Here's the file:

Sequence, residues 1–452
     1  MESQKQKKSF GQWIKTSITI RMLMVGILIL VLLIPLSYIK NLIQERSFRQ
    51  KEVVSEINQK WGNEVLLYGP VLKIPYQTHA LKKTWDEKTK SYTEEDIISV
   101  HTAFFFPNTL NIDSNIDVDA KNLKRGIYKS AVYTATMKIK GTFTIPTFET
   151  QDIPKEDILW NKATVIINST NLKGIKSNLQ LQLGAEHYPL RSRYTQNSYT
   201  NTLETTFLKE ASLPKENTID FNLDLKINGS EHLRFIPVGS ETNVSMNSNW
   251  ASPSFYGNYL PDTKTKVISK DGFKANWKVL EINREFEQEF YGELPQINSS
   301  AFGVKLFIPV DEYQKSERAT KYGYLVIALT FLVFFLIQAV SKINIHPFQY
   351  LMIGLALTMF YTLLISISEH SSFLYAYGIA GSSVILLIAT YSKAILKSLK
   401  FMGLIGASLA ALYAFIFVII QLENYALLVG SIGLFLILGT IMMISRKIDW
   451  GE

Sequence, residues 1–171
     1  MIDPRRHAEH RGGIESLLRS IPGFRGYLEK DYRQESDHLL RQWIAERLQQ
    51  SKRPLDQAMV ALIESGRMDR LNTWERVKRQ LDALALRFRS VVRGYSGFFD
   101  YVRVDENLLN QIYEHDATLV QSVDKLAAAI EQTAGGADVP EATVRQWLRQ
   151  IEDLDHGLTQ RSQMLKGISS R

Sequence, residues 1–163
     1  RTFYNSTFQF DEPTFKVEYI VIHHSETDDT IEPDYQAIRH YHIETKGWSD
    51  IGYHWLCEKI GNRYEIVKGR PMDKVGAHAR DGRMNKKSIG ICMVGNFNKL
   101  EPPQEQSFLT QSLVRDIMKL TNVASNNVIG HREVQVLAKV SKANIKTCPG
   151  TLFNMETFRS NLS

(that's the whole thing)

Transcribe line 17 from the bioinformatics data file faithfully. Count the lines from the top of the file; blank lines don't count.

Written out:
Sequence, residues 1–163